Thursday, March 1, 2007

Libby Trial: Still Waiting


From my "Capital Games" column at www.thenation.com....


I'm still at the federal district courthouse waiting for the verdict in the obstruction of justice tral of I. Lewis "Scooter" Libby, the former chief of staff to Vice President Dick Cheney. But this just in: on Wednesday at 3:45 pm, the jurors sent a note to Judge Reggie Walton. It read in its entirety:

We would like another big Post-it pad. The large one for the easel.


The previous day, the jury had sent a question to the judge regarding Count Three of the indictment (which accuses Scooter Libby of lying to the FBI about statements he made to reporter Matt Cooper about former Ambassador Joe Wilson's wife). But by the time the judge was able to respond to the note on Wednesday morning, the jurors had already resolved the issue. "After further discussion," the jury foreperson wrote the judge, "we are clear on what we had to do. No further clarification needed. Thank you. We apologize."

After the matter--or non-matter--was resolved, the question was made public by the court. The jurors had asked, "Is the charge that the statement was made or about the content of the statement itself?" Reporters in the press room subsequently tried to discern precisely what the jurors were asking. It was not clear. Nor was the note a clue that pointed in any direction.

So what do these two notes mean? They suggest the jury is still hard at work, in the weeds, plodding through the details of the case--after six days of deliberation. The eleven jurors--one juror was booted because she came into contact with outside information on the case--are even on to their second easel pad. From that you can draw your own conclusions. I'm not making any guesses.

Posted by David Corn at March 1, 2007 10:19 AM

7 comments:

Saladin said...

HUH?

Saladin said...

Here is an article just about as important as this idiotic trial!

Father of the bungee plans record jump

By Nick Squires in Sydney
Last Updated: 1:51am GMT 28/02/2007

It will be the ultimate bungee jump — a terrifying 4,920ft free fall from a helicopter, the equivalent of plunging nearly 30 times the height of Nelson's Column.

Bungee jump height scale, click to enlarge
Bungee jump height scale: click to enlarge

A J Hackett, the New Zealand adventurer who pioneered bungee jumping and introduced the extreme sport to millions has announced plans for his most audacious stunt yet.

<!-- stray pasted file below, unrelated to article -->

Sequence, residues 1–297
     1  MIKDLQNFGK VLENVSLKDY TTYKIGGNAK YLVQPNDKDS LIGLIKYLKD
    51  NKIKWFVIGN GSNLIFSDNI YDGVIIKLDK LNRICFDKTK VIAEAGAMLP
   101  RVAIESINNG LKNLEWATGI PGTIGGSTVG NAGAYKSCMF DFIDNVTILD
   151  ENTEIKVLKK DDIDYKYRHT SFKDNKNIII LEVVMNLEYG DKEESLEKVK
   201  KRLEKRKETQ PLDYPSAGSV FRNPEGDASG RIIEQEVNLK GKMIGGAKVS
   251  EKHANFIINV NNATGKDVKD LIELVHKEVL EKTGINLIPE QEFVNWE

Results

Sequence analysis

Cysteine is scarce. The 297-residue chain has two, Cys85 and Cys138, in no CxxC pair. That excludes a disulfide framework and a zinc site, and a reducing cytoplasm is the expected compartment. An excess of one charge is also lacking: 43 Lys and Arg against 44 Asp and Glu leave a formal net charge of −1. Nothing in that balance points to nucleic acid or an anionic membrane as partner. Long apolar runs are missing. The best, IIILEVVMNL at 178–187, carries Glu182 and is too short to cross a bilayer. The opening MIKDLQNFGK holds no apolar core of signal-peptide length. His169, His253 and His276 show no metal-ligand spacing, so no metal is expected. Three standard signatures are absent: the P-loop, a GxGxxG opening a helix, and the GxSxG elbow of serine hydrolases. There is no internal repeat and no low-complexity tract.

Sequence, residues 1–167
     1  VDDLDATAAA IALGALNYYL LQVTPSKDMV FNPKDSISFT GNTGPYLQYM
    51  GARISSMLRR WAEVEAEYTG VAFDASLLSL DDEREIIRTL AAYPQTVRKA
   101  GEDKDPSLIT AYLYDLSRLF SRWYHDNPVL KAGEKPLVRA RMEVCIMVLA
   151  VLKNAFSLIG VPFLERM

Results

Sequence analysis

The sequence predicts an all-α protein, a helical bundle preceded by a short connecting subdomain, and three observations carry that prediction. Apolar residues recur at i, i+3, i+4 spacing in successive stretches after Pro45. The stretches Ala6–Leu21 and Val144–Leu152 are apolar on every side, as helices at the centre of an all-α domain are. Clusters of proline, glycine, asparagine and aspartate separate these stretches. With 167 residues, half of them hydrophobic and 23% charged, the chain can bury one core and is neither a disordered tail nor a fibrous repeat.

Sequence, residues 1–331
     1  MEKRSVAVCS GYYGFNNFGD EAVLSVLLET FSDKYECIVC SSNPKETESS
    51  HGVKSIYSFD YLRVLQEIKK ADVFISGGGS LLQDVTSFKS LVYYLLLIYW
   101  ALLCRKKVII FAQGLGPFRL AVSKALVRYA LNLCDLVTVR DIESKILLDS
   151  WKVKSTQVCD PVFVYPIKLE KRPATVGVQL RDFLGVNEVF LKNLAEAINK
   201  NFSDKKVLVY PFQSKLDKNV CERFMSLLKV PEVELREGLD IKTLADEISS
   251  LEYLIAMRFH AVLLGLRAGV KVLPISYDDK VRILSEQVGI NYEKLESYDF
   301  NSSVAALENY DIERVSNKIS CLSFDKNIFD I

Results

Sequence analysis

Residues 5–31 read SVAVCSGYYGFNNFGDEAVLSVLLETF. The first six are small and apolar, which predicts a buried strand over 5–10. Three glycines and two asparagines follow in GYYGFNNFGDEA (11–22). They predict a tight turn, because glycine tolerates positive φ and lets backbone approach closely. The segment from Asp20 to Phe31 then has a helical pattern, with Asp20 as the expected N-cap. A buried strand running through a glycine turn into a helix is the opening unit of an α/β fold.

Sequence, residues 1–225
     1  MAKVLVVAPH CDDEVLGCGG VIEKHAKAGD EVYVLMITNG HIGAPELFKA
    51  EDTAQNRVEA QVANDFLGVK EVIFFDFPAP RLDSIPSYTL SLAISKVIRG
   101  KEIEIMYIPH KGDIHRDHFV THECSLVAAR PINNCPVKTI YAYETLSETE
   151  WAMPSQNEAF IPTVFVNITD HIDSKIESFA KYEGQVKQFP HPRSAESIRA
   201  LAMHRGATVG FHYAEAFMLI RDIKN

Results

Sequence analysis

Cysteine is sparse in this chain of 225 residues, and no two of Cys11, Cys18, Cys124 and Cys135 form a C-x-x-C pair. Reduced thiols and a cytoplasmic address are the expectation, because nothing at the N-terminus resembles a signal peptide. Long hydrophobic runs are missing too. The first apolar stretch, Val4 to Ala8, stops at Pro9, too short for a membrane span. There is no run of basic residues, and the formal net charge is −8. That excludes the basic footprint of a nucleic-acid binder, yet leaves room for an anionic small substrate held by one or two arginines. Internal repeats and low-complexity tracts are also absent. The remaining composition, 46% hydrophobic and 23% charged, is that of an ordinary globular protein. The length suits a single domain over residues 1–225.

The 48-year-old plans to launch himself out of a helicopter attached to an elastic cord over Kuala Lumpur, Malaysia, later this year.

If successful, the stunt will double the existing record for the world's highest bungee jump.

Mr Hackett admitted to feeling nervous about the world record attempt. "I do get a bit scared sometimes but I'm still able to split the emotion from the logic," he told ABC radio yesterday.

The venture has been enabled by breakthroughs in bungee cord technology.

"Last December we opened the world's highest bungee site in Macau," said Mr Hackett, who was in Australia to promote a new biography.

"There we developed this new technology which is a tapered bungee cord, fatter at the top than it is at the bottom. It means you can stretch them a long, long way.

Gerald said...

The wording in the picture on the Twilight Zone is great. It is actually humorous but the play is a tragedy so laughter must be kept to a minimum.

Gerald said...

The reason why I would want a guilty verdict on Libby is because I believe that would open the door to bring charges against Hitler Cheney. Yet, I will be shocked at a guilty verdict.

Micki said...

It's a very important trial to many people -- for many reasons. There is nothing idiotic about its purpose.

The results may not yield the desired effect, but it is not idiotic.

Micki said...

One obvious reason the Libby trial is not idiotic is that the testimony suggests that impeachable offenses occurred at the highest levels in the WH -- witness cheney's chicanery.

The Libby case may be narrow (that he committed perjury in testifying about his role in the outing of Plame), but the implications of the trial are POSSIBLY going to lead to more investigations. The wheels of justice sometimes move at a glacial pace.

capt said...

New thread!